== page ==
Some Truths About Betting, Daily Racing Form, 1907-12-27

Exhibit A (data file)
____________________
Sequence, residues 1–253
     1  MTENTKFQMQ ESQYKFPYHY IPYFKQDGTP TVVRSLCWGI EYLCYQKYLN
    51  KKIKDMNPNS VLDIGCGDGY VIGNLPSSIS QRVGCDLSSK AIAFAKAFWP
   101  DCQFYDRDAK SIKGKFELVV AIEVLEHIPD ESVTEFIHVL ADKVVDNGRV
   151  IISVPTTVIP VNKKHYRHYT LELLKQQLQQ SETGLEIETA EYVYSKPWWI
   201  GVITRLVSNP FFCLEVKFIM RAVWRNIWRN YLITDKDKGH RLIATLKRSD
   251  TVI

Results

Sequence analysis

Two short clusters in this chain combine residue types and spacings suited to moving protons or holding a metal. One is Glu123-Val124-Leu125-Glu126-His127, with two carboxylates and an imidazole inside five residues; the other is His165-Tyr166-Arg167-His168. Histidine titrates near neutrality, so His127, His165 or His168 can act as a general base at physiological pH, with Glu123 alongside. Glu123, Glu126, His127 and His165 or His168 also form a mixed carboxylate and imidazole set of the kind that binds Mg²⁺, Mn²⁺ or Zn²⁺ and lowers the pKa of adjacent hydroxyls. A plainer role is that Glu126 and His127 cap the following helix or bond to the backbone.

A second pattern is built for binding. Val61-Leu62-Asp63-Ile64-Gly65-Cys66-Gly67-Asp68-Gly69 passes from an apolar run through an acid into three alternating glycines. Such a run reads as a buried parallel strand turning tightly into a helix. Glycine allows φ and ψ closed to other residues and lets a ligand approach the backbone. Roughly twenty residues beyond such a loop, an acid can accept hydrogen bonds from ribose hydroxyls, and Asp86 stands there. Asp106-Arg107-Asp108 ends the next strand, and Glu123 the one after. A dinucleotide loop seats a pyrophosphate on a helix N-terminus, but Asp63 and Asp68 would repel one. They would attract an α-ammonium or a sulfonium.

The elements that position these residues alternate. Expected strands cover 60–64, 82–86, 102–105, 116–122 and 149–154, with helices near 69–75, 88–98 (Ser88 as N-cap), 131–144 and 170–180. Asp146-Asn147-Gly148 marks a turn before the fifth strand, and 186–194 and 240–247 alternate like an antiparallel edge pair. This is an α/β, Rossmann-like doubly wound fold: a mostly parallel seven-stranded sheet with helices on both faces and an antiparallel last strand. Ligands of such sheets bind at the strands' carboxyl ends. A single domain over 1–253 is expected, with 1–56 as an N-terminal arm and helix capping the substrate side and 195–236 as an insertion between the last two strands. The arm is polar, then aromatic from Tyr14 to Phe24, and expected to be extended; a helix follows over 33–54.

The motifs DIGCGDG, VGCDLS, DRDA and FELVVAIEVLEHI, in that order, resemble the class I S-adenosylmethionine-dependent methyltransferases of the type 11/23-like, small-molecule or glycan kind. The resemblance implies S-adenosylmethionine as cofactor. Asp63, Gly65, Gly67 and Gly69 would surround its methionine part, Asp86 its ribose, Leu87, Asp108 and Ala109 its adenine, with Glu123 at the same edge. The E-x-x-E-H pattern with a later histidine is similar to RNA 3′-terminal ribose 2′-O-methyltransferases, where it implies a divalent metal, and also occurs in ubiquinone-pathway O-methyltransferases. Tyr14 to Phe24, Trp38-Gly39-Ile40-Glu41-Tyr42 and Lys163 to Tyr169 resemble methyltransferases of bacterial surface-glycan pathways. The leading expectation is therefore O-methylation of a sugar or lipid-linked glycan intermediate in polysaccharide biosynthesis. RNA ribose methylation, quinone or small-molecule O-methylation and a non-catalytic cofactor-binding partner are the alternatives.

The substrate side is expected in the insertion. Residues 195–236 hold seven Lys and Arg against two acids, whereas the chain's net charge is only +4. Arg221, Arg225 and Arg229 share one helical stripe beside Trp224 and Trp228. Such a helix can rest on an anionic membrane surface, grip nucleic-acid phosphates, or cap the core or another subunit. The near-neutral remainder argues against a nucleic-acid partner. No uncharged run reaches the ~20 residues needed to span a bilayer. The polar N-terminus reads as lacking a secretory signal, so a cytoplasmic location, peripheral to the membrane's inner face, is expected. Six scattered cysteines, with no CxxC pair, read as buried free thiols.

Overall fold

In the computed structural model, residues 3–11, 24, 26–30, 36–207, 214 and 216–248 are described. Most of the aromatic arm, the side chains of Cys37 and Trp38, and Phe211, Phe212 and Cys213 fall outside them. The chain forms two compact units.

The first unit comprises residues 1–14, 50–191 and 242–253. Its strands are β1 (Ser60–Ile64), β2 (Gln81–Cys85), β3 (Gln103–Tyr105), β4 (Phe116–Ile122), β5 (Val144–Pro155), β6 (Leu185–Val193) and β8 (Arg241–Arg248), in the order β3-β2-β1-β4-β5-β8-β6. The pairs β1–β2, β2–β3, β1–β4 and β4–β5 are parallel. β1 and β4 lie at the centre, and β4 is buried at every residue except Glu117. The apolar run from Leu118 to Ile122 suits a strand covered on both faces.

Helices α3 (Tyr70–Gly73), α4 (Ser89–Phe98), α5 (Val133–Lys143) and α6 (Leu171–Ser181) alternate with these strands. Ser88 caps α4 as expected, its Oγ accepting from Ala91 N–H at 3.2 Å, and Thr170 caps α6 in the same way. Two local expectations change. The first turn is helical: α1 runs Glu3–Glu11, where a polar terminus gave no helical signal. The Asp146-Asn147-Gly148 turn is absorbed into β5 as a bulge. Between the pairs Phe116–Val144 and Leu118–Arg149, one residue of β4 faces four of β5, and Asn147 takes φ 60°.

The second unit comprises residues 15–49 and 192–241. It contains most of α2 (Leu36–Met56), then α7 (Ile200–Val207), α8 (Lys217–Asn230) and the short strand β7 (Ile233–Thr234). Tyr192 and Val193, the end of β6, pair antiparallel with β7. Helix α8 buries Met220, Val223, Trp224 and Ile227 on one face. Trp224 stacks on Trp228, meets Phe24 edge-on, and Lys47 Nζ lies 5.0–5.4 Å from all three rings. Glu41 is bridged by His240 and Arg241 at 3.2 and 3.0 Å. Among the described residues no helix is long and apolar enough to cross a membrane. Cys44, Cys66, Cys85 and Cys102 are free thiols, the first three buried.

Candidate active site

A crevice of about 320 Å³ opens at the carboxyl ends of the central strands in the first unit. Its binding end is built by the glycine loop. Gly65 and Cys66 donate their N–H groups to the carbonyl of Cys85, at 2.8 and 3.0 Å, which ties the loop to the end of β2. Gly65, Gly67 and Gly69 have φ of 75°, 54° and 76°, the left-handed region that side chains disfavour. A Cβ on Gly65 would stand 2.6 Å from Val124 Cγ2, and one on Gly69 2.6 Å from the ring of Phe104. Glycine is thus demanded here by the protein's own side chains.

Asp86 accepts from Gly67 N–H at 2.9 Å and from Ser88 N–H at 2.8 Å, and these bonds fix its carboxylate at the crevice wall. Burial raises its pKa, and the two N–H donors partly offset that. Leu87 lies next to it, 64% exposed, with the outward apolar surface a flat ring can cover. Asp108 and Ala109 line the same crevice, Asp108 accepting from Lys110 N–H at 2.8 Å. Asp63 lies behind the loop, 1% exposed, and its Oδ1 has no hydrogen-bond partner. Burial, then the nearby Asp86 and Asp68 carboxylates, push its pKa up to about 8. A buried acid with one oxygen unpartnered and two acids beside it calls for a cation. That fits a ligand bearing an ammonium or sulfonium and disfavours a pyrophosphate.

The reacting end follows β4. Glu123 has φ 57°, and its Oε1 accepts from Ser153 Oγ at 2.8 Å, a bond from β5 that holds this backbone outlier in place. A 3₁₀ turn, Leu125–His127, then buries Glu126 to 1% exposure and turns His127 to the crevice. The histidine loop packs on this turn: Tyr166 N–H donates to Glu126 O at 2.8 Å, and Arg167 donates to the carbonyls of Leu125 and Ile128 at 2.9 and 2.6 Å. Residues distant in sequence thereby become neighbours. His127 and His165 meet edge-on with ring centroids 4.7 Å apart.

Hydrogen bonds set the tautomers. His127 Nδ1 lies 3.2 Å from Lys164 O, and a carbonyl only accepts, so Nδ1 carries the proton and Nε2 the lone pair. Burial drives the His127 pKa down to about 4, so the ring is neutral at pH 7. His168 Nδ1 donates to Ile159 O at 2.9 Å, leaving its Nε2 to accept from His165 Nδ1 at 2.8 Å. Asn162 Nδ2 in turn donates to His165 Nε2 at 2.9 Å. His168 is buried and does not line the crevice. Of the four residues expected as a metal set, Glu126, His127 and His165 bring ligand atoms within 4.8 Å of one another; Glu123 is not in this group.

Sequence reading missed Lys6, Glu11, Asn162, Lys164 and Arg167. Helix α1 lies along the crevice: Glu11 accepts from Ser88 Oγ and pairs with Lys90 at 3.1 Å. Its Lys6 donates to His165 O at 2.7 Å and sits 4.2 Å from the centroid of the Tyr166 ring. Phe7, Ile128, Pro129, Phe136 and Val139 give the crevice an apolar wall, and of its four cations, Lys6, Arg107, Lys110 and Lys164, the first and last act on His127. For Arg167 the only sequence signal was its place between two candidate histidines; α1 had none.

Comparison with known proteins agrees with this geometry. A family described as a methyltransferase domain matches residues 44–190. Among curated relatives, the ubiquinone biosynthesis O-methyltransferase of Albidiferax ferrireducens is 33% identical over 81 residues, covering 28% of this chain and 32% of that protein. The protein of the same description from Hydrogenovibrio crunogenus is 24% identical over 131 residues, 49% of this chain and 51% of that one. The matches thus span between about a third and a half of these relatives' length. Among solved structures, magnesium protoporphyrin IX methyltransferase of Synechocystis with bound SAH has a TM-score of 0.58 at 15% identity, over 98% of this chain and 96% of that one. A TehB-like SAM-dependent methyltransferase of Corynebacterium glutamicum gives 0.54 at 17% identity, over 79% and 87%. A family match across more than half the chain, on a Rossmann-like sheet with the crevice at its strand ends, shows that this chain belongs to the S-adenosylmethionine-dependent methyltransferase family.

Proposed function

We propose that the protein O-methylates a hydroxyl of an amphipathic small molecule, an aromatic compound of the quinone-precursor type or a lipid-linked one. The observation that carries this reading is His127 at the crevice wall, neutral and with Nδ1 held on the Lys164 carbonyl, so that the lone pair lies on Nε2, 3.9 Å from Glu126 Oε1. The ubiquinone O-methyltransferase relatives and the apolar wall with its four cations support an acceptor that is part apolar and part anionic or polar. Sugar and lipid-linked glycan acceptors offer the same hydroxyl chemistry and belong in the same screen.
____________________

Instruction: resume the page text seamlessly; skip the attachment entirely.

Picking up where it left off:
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SOME TRUTHS ABOUT BETTING. I After a tour of inspection of the New Orleans tracks and acquaintance with the sport of racing as conducted in New Orleans this winter, Secretary John Boden of the New York Racing Commission, had this comment to make in the Picayune: "I have been able to see enough to warrant mo in the assertion that the local support of racing is almost wholly through the gate receipts. I like the manner in which the betting feature has, been minimized here and Its absolute divorce from the jockey clubs and their officials. The men whom I have seen betting in the ring to any extent that could be regarded as beyond that of mere amusement, are men whom I have seen in the middle states, in the north and in the east. I know practically all of them ami they are betting here just as I have seen them bet elsewhere. Your local men may bet a little for amusement, but they do not lake the betting ring seriously. I am glad that you have practically made it impossible for women to bet here. Betting by women always has been one of the most serious menaces to racing and you are doing well in getting rid of it altogether. Under existing conditions about all that the betting ring does is to furnish gentlemen who wish to bet on the races with the services of stake holders who hold their money on a moderate percentage. If you had no betting ring at all, these same men would bet with one another, and might, occasionally, suffer through the irresponsibility of the stake holder; as it is they are practically guaranteed against such losses. "As a matter of fact the evils of betting on horse racing are bound to be greatly magnified. If a young man be disposed to separate himself from his patrimony, he will generally find means of doing so without the intervention of a race horse or a bookmaker; but when he has done so, no matter where his money happens to have gone, his friends are fond of laying the blame on the race track. The prodigal sou found means of get- 1 " ting away with his share of his fathers estate before bvokniaking was invented, and without the temptation oT horse racing, and, therefore, the truth was told concerning his dissipation with, what might bo termed, brutal frankness. Had he lived today his friends would have given out that he lost his money on the turf, because it sounds vastly cleaner and more reputable to associate a profligate with the sport with which kings and emperors and the great men of more than two centuries have been identified, than to tell the plain truth, as it was told about the prodigal son. The young man who goes wrong today is made, by his friends, a quasi aristocrat because he lost his money as they say through devotion to the sport with which such prominent aud reputable gentlemen as the late W. C. Whitney, Mr. August Belmont, Mr. James R. Kcene, , the Messrs. Sanford, Major McDowell and hundreds of other gentlemen of the highest social aud business standing have been connected."

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